Grain futures spill into a price correction overnight.
Grain futures are lower, with corn and soybeans sharply correcting after Wednesday’s powerful gains. The markets have become elevated and extremely overbought even with the prospects that are fully known that yields will not make trendline even if rains arrive at the end of the month.
Soy oil futures continued their decline beyond yesterday’s synthetic expectations of a $0.30 lower and are down another 2.00 this morning on liquidation based on the EPA’s limited rise in RVOs for bio and renewable diesel. The US biofuel industry will work to stand on its own due to the large investments that have been made by big oil and private investors. The EPA’s RVO announcement is not to kill or change renewable diesel plant or production plans, it’s just that they are now not mandated. There are large state and federal tax breaks and carbon incentives it will maintain sizable demand for biofuel feedstocks. But for now, soybean oil and canola are looking to find a trading bottom for values.
A top Ukrainian official said they are 99.9% certain that Russia will not extend the Black Sea export pact as they no longer need Ukrainian ports to ship ammonia. Russia will complete a pipeline by the end of this year.
Chinese financial and commodity markets are closed today and tomorrow to celebrate the Dragon Boat Festival. Chinese markets are weak following interest rate cuts earlier in the week. It’s also not being reported that China is on pace to become the world’s largest buyer of wheat. Australia is a key supplier.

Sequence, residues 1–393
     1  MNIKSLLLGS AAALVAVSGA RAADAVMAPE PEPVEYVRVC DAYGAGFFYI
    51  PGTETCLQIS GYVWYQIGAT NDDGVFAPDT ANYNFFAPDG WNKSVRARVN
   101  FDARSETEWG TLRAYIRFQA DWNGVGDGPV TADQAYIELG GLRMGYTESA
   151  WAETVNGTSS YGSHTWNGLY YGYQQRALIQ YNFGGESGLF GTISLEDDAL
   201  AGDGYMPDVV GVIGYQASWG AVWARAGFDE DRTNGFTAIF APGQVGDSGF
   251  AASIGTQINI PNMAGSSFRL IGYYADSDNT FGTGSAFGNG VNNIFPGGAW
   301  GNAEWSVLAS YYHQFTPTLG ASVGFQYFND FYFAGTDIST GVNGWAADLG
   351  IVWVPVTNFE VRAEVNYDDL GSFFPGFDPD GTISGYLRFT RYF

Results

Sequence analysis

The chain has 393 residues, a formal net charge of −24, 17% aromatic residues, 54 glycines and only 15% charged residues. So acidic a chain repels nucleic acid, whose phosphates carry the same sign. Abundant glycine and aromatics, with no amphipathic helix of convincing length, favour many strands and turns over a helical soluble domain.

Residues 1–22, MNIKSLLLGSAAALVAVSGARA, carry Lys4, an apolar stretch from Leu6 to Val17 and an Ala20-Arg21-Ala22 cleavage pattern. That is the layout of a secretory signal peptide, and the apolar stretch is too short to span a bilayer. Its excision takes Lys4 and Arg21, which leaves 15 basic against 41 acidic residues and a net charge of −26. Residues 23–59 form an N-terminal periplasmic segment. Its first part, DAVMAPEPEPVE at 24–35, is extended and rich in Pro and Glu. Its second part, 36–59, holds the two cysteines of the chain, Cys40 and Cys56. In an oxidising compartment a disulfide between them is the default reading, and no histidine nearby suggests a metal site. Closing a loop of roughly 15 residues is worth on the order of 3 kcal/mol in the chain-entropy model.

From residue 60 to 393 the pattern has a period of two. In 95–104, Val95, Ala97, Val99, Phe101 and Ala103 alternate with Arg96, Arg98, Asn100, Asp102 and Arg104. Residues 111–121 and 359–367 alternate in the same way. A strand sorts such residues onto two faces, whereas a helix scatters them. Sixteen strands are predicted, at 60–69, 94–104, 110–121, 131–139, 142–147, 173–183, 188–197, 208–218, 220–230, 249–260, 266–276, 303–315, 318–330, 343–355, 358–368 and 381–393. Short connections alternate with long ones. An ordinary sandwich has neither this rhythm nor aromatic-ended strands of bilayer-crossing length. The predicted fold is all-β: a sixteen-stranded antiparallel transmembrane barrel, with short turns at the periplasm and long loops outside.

Primary weather models maintain a trend of below-normal rain with near to above-normal temperatures for the Midwest for another 10 days. Two Ridge riding systems will produce potential showers, with the first system passing on the weekend and another due late next week. Both could produce .1-.8” of rain for 30% of the Midwest. China is currently enduring a heat wave, with Beijing yesterday being 106°F which is a record for June. This heat also includes the Northern Chinese Plains, where drought and extreme heat are starting to affect their corn and soybean crops.
Live cattle and feeder cattle were lower yesterday, with the feeder cattle market obviously having a sharp price decline with corn valuations dramatically increasing. A better start for feeder cattle could be expected with corn under pressure overnight. Cash trade yesterday was late but at weaker prices. Sales in the southern plains were $to lower at $180, while live trade in any was quoted at $2-5 lower at $182-185. Light sales in the IA/MN region were $2-3 lower at $184-185. Similar trends the to continue for the rest of this week.
The June COF report will be released on Friday. Ahead of the report, average trade estimates call for the May feedlot placement rate at 102% of last year and marketing rates of 102%. The June 1 feedlot inventory is projected to be at 97% last year. If realized, June feedlot inventory will be at a six-year low and marked the ninth consecutive month that the inventory was below a year ago. August live cattle should find major support at 166.00-167.00.